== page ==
With more than 9,000 students, Tennessee State University is Nashville’s only public university, and is a comprehensive, urban, co-educational, land-grant university offering 38 undergraduate, 25 graduate and seven doctoral programs. TSU has earned a top 20 ranking for Historically Black Colleges and Universities according to U.S. News and World Report, and rated as one of the top universities in the country by Washington Monthly for social mobility, research and community service. Founded in 1912, Tennessee State University celebrated 100 years in Nashville during 2012. Visit the University online at tnstate.edu.

TSU awarded $2 million job placement grant for students

NASHVILLE, Tenn. (TSU News Service) -Tennessee State University graduates look to have an advantage entering the workforce due to a $2 million career development grant from the United Negro College Fund.

Staff with the university’s career development center believe the funding will give them the tools to prepare and ultimately help TSU graduates secure employment immediately.

“We want to make sure that when they graduate, they’ll have jobs,” said Tina Reed, associate director of TSU’s Career Development Center.

A number of students who graduated from TSU in May had jobs waiting for them. Most of them credited faculty at TSU and programs like the university’s Career Center with motivating them and providing the tools they needed to not only get jobs, but be successful.

One of those students was 24-year-old Cametria Weatherspoon, an electrical engineering major from Memphis, Tennessee, who is now working in programming at Lockheed Martin’s Space Systems Company in Littleton, Colorado.

“Having a job after I graduate is a blessing,” she said.

Besides TSU, UNCF also awarded a $2 million grant to Morgan State University and Norfolk State University.

Each year, UNCF awards more than 10,000 students scholarships worth more than $100 million. It provides financial support to 37 historically black colleges and universities.

 

Department of Media Relations

Tennessee State University
3500 John Merritt Boulevard
Nashville, Tennessee 37209
615.963.5331

About Tennessee State University

With more than 9,000 students, Tennessee State University is Nashville’s only public university, and is a comprehensive, urban, co-educational, land-grant university offering 38 undergraduate, 25 graduate and seven doctoral programs. TSU has earned a top 20 ranking for Historically Black Colleges and Universities according to U.S. News and World Report, and rated as one of the top universities in the country by Washington Monthly for social mobility, research and community service. Founded in 1912, Tennessee State University celebrated 100 years in Nashville during 2012. Visit the University online at tnstate.edu.

TSU to host town hall meeting on transportation in Nashville

NASHVILLE, Tenn. (TSU News Service) – Tennessee State University is hosting a town hall meeting to discuss transportation options in Nashville.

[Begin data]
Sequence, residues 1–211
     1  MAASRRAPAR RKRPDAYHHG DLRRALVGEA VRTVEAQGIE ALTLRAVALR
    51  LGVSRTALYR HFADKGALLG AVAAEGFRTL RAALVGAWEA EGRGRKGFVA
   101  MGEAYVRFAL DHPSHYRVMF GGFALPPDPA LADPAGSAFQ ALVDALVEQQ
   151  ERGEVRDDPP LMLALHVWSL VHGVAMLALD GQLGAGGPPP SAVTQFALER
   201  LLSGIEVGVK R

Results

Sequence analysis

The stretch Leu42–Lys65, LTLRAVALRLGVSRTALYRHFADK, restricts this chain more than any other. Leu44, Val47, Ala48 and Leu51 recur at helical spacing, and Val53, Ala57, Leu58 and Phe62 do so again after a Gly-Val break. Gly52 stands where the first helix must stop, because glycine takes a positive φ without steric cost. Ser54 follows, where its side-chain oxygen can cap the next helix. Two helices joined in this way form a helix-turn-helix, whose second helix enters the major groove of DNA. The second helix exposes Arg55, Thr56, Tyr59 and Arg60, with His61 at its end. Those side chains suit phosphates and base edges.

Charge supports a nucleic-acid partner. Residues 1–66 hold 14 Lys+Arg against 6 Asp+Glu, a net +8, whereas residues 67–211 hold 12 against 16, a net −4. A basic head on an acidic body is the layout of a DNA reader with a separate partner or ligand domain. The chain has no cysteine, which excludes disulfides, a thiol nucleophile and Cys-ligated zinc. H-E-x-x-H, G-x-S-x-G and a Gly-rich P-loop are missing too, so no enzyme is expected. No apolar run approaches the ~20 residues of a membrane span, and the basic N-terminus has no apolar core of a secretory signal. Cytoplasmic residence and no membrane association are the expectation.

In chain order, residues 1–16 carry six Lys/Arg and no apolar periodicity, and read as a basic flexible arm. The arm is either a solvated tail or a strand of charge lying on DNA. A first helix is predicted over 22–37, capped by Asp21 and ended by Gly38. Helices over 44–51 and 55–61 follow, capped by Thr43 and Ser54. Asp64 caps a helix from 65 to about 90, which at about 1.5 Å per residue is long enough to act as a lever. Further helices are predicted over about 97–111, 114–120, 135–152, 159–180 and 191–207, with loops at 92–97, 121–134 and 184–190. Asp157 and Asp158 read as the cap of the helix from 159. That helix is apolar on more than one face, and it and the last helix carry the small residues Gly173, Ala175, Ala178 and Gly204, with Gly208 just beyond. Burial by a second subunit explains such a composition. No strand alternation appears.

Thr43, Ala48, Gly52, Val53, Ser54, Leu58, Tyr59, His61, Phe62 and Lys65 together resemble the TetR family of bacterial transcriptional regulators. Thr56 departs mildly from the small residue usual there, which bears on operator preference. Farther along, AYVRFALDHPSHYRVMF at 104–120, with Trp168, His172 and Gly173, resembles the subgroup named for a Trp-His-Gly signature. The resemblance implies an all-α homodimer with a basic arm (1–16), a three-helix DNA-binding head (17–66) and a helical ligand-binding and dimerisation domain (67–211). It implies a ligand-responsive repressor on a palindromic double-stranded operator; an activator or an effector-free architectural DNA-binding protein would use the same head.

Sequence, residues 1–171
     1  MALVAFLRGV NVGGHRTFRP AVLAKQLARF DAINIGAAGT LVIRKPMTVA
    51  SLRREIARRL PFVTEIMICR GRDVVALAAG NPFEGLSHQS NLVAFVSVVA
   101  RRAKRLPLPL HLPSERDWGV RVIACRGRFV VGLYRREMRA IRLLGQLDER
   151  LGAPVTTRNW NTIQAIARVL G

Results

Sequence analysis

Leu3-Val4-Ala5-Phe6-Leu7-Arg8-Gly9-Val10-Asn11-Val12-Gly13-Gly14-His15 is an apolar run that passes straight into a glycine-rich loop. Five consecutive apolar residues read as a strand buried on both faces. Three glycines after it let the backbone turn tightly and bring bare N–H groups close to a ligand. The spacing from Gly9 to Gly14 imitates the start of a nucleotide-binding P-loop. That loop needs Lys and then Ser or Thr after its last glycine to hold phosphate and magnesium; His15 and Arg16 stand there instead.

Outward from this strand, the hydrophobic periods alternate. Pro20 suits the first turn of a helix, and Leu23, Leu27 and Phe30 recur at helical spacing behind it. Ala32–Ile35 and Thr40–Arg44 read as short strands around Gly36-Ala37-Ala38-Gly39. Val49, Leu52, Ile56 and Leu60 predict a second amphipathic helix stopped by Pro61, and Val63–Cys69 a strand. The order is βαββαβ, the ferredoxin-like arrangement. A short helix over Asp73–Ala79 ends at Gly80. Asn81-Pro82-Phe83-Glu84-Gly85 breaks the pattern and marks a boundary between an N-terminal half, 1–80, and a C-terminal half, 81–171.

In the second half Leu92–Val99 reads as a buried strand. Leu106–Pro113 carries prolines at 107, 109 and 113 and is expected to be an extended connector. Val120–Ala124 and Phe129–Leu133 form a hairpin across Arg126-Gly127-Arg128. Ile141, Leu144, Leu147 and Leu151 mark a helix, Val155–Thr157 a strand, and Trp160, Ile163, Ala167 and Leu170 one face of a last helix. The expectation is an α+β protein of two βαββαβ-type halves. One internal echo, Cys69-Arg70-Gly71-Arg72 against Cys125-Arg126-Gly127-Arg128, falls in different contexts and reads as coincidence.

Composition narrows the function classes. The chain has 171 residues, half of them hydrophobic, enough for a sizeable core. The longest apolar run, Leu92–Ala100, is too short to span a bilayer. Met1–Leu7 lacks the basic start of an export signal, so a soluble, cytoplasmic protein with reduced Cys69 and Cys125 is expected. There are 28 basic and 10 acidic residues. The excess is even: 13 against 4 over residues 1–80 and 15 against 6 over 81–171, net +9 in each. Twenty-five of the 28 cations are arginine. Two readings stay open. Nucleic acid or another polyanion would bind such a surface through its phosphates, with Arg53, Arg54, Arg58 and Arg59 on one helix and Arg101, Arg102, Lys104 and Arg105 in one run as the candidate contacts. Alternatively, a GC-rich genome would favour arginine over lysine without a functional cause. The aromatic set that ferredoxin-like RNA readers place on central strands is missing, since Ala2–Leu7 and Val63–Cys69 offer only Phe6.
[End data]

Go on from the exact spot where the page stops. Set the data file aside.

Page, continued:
The event, which is open to the public, will take place on Thursday, June 29, at 6:30 p.m. in the Forum in the Floyd-Payne Campus Center.

Television station WKRN is holding the meeting to look at the ways Nashvillians are evolving in how they approach their daily commute.

Nashville is in the midst of historic growth with dozens of new residents arriving daily, which impacts everyone as they traverse their way around Music City to work, home and school, according to WKRN.

Topics at the town hall will include expansion of mass transit and a proposal for a light-rail system.

WKRN’s Bob Mueller will moderate the meeting that will have a panel of local transit experts, including the dean of TSU’s College of Engineering, Dr. S. Keith Hargrove, who is expected to discuss the university’s transportation-related research.

Last year, a team of six TSU graduate and undergraduate students, along with their professors from the Departments of Civil and Architectural Engineering, conducted a study on five bridges around the Nashville fairgrounds to assess their structural integrity.

The students’ findings were submitted to the city’s structural engineers and used to determine future use of the bridges.

 

Department of Media Relations

Tennessee State University
3500 John Merritt Boulevard
Nashville, Tennessee 37209
615.963.5331

About Tennessee State University

With more than 9,000 students, Tennessee State University is Nashville’s only public university, and is a comprehensive, urban, co-educational, land-grant university offering 38 undergraduate, 25 graduate and seven doctoral programs. TSU has earned a top 20 ranking for Historically Black Colleges and Universities according to U.S. News and World Report, and rated as one of the top universities in the country by Washington Monthly for social mobility, research and community service. Founded in 1912, Tennessee State University celebrated 100 years in Nashville during 2012. Visit the University online at tnstate.edu.

TSU participates in bill signing of historic HBCU legislation